And don't forget that Apple is a licensor of H.264, and hence it's natural Jobs want Flash to die. With Flash developers can freely choose codecs, but with HTML5 you need to make sure the users browsers supports the codec you use. This means in practice that encoding in H.264 will remain obligatory for some time. The reason is that Safari does not support open codecs like Ogg Theora because it's open, while Mozilla does not support H.264 because it's proprietary. So with HTML5 Apple has a chance to exert control over the choice of codec, but with the Flash Player H.264 will be optional.
Fifth, there’s Touch.
Oh dear, I cannot believe this is written by Jobs and not by one of his mindless drones : "Flash was designed for PCs using mice, not for touch screens using fingers. For example, many Flash websites rely on “rollovers”, which pop up menus or other elements when the mouse arrow hovers over a specific spot."
So Flash is bad because it has a roll over state...just like pretty much any other technology?
And "many websites rely on rollovers" is simply not true, just like there are very few HTML sites that rely on roll overs. He even goes on to claim that "most Flash websites need to be rewritten to support touch-based devices".
Maybe Jobs surfed to www.dontclick.it with his iPad and got upset?
Calm down Steve, it's an old experiment and I can assure you that most sites using Flash do not rely on rollovers.
And since it seems like Steve is a bit clueless about the development process, someone should explain to him that for sites that currently do rely on rollovers it's a lot easier to change event type for your buttons than rewriting the whole app using a new technology.
Sixth, the most important reason.
This is the only point he does not try to support by lying or misrepresenting facts. He want's full control over the platform, and if that means not providing a very often requested feature then so be it.
Of course it requires less effort to not have to work together with any third parties...a dictatorship is a very efficient form of government as well.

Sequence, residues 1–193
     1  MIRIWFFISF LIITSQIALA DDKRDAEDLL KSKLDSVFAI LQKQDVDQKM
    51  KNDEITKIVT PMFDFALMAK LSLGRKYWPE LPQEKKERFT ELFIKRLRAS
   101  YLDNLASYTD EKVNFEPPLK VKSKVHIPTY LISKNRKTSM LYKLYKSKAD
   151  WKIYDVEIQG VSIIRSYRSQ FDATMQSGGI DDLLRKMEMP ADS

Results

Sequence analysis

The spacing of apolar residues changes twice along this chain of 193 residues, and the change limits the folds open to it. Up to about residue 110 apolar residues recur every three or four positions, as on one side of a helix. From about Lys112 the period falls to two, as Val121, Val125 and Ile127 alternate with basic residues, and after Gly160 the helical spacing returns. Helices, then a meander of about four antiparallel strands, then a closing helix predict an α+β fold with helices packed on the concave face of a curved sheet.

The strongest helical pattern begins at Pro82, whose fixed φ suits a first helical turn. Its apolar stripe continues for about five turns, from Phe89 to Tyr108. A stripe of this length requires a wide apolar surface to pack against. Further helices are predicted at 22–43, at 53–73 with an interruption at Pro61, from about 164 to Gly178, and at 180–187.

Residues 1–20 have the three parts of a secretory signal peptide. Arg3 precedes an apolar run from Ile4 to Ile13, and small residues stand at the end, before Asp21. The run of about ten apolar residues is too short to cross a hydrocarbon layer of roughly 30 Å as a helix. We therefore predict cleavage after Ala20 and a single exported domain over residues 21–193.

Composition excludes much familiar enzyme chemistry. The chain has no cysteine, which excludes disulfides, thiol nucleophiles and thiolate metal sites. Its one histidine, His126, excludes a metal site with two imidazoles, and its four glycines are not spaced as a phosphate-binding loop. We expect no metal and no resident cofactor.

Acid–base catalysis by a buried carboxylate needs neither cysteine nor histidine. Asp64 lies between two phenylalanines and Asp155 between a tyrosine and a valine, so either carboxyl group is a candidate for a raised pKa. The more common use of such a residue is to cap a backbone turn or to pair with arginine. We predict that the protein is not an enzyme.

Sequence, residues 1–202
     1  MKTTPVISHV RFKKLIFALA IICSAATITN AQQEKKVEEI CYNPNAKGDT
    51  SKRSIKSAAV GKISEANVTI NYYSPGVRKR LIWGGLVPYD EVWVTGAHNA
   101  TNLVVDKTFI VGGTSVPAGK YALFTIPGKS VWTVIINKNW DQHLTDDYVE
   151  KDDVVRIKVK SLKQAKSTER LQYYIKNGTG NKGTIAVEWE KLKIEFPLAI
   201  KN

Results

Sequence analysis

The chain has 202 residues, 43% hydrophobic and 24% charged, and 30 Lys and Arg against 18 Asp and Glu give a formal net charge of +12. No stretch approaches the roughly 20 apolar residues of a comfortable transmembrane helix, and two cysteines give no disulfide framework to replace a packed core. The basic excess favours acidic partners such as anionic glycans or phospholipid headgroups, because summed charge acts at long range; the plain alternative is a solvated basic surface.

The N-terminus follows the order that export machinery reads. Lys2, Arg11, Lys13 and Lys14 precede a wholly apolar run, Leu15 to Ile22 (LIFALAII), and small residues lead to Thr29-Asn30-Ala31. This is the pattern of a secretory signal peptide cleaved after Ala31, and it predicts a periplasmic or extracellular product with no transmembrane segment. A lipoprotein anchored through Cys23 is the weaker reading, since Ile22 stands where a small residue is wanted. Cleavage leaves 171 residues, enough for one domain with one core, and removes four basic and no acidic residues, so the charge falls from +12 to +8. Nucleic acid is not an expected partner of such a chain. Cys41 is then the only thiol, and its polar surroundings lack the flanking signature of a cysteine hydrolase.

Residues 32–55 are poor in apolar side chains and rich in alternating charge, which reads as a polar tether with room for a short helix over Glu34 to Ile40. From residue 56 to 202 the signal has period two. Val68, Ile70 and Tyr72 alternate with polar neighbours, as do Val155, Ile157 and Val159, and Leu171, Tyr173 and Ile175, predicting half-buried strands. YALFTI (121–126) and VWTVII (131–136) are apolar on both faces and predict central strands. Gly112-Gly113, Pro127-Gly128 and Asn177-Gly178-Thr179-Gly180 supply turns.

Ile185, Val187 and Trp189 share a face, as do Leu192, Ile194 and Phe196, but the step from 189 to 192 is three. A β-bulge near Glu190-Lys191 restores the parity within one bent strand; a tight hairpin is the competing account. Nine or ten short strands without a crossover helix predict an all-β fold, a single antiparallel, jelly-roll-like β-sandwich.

Developers and customers expect a certain degree of interoperability and backwards compatibility. And one have to strike a balance between trying to keep the platform progressing and ensuring differentiation in the marketplace while also ensuring that developers and customers are happy.
Looking at the many voices demanding Flash on the iPhone/iPad and developers outrage over section 3.3.1 it seems to me that Apple clearly is out of balance here, but time will tell. Personally I think a put option on Apple stock is looking better and better for each day.
He ends with "Perhaps Adobe should focus more on creating great HTML5 tools for the future, and less on criticizing Apple for leaving the past behind."
Adobe are working on HTML5 tools, but unlike Jobs they are obviously smart enough to realise that there is room for more than one technology.
And claiming that Flash is the past is of course pure arrogance from Jobs. It's a product that is very much alive making with frequent major updates, and that is currently used to serve the vast majority of the multimedia on the web.
It's designed specifically for delivering multimedia and rich applications in the browser, while HTML5 is an attempt to add that functionality to an ageing mark-up language.
04-29-2010, 11:16 PM #33
04-29-2010, 11:18 PM #34
Of course you're right. The saying "buyer beware" is applicable to all products.
But we're talking about the next gen iPhone here. I bought my 3G and 3GS fully aware that it would not do flash. Why? It was already made that way.